9. Event
    This webinar will explore the findings from the Patients Association's Patient Experience of Diagnostics report and consider its recommendations. The panellists are: Professor Sir Mike Richards, who was the first National Cancer Director at the Department of Health Karen Stalbow, Head of Diagnostic Policy at NHS England Dr Ashton Harper, Head of Medical Affairs at Roche Diagnostics Ltd. Patients Association Chief Executive Rachel Power will chair the session and the panel will include patients. The webinar will be held on Zoom and is free to attend. Book your place.
  10. Content Article
    This blog by Healthwatch outlines research conducted by the organisation that shows the issues homeless people face accessing the health and social care they need. The research demonstrates that homeless people: have particular problems accessing GPs and other services. experience serious problems accessing NHS dentistry. may forgo care because of the costs of travelling to appointments. often feel judged by healthcare professionals and not well cared for. The blog also discusses the impact that integrated care systems could have in improving accessibility and quality of care for homeless people.
  11. News Article
    Online services for GPs across Surrey leave many patients feeling "helpless and lost", a new report says. Healthwatch Surrey said some patients felt "defeated" by online systems and that issues were worse in certain groups. This included people with English as a second language and those less confident with technology. Online services include booking appointments, requesting repeat prescriptions and viewing test results. Healthwatch Surrey, which gathers the views of local people on health and social care services in the county, said: "Confusion around the appointment booking process and a perception that appointments are hard, or even impossible, to book online is the issue people tell us most about." One Epsom and Ewell resident was asked by their surgery to book a blood test online. They told Healthwatch: "I tried but I couldn't understand how to do it and so I called back. "I'm in my 80s and I try to be as independent as I can, but some of these processes defeat me." Sam Botsford, contract manager at Healthwatch Surrey, said communication was key in ensuring patients knew how to use online services. She said: "People feel they're being pushed online, and that spans a range of different demographics. "It's really important for practices to identify the needs of their patients and how they can best meet those." Read full story Source: BBC News, 2 February 2024
  12. Content Article
    This study published in BMJ Quality & Safety identified factors acting as barriers or enablers to the process of healthcare consent for people with intellectual disability and to understand how to make this process equitable and accessible. The study found that multiple reasons contribute to poor consent practices for people with intellectual disability in current health systems. Recommendations include addressing health professionals’ attitudes and lack of education in informed consent with clinician training, the co-production of accessible information resources and further inclusive research into informed consent for people with intellectual disability. Related reading on the hub: Accessible patient information: a key element of informed consent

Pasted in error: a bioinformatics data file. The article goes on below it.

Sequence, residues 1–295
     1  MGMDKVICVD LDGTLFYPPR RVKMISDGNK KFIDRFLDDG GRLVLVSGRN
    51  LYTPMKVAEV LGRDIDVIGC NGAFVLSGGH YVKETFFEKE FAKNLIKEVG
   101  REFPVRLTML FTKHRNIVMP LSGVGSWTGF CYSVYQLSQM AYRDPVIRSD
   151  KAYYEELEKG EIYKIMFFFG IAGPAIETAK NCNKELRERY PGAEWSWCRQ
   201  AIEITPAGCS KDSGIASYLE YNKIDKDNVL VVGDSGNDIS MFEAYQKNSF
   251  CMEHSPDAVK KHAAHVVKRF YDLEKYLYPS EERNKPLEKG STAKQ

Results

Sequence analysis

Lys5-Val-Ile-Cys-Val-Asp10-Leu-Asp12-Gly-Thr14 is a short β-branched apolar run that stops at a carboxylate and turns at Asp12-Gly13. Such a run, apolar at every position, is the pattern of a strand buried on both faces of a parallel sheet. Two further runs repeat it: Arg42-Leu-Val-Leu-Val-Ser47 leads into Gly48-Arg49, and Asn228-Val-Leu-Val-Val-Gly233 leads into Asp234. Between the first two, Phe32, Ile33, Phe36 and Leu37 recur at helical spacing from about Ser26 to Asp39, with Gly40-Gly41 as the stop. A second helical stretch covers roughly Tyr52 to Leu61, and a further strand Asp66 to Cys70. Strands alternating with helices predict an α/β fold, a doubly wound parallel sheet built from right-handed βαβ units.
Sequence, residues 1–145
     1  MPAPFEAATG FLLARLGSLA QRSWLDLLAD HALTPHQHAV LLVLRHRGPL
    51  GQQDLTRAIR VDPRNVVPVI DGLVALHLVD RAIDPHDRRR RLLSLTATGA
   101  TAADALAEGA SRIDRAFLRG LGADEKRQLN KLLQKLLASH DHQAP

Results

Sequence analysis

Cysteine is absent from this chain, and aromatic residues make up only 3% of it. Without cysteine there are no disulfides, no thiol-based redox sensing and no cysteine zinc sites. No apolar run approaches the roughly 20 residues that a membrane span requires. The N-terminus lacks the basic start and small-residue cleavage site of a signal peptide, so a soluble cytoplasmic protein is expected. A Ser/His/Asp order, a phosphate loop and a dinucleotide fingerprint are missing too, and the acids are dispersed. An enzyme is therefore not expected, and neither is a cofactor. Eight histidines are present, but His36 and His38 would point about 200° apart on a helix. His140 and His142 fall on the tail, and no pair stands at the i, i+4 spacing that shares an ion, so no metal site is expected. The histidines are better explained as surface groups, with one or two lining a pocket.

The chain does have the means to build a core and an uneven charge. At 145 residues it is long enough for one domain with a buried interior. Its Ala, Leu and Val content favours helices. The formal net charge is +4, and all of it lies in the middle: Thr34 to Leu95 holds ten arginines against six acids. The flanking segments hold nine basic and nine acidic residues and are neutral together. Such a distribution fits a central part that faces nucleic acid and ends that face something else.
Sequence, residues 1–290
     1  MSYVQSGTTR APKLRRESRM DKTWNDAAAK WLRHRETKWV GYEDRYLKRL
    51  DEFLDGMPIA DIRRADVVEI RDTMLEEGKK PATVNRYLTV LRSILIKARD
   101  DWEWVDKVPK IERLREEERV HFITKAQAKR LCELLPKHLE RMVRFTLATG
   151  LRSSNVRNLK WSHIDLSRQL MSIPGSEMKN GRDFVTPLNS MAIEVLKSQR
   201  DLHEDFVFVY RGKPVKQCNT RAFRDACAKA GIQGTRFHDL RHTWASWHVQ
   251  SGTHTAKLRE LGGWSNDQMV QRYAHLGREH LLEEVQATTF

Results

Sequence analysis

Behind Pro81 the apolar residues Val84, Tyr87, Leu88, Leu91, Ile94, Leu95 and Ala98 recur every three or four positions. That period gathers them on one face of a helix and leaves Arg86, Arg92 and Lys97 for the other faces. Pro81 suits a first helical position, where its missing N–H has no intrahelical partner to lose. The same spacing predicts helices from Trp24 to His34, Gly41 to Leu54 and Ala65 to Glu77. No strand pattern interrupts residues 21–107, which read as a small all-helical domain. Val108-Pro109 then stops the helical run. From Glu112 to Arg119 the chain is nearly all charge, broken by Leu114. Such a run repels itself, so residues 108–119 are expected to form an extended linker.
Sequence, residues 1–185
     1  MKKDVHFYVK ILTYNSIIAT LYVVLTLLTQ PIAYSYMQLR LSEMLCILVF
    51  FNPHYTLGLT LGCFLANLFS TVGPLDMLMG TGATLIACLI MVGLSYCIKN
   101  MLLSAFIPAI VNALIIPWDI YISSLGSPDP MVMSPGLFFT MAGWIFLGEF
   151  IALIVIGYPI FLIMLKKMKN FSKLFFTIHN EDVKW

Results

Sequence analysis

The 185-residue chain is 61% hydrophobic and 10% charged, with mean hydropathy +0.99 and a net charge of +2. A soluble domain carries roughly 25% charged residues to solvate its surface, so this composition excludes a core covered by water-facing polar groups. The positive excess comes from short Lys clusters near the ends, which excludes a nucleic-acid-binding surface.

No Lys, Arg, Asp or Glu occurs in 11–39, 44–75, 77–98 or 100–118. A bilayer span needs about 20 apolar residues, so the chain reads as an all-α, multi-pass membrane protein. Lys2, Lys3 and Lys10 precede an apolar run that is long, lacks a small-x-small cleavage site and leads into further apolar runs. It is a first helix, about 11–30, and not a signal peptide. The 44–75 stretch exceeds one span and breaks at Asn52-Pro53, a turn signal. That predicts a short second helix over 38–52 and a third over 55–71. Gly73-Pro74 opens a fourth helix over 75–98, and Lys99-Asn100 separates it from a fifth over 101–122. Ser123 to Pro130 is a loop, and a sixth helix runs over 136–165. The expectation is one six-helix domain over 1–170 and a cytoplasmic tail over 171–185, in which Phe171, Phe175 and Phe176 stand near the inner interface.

13. Content Article
    This article in The Lancet looks at the need to prioritise palliative care and medications during armed conflict. The authors argue that the Israel–Hamas conflict amplifies the dire need for access to morphine and other essential palliative care medicines included on WHO's Model Lists of Essential Medicines in order to alleviate serious health-related suffering during humanitarian crises. They outline calls that the global palliative care community has made to the World Health Organization (WHO) and other aid organisations to: add adequate oral and injectable morphine and other pain-relieving medicines in humanitarian aid response packages ensure adequate essential medicine supplies for surgery and anaesthesia provide guidelines on the safe use of essential medicines and their distribution to all aid and health workers collaborate with receiving authorities to prevent removal of controlled medicines from emergency kits include paediatric essential medicine formulations for children. They argue that opioids and other essential palliative care medicines equip health workers with the means to relieve serious health-related suffering across clinical scenarios when curative or life-saving interventions are unavailable.
  14. Content Article
    This cross-sectional study in JAMIA Open aimed to identify concerns, barriers and facilitators impacting the use of patient portals by older patients, as well as desired features in future updates. The authors held two focus group discussions culminating in an anonymous survey completed by women who were 65 years and older receiving urogynaecology care in Northwest Ohio. The authors concluded that the lack of age-aligned medical access software and products may lead to worsening digital exclusion and disparities in healthcare. Portal application developers and healthcare systems must advance efforts that consider the needs of those who are older when designing patient portals.
  15. Content Article
    D-Coded is an online resource that presents easy-to-understand summaries of diabetes research studies. It aims to make the latest knowledge and developments accessible to people who don't have a medical or scientific background. In this blog, Jazz Sethi, Founder and Director of the Diabesties Foundation and part of the global team that developed D-Coded, discusses the need for the resource and outlines how it will help people living with diabetes to better understand and manage their condition.
  16. Content Article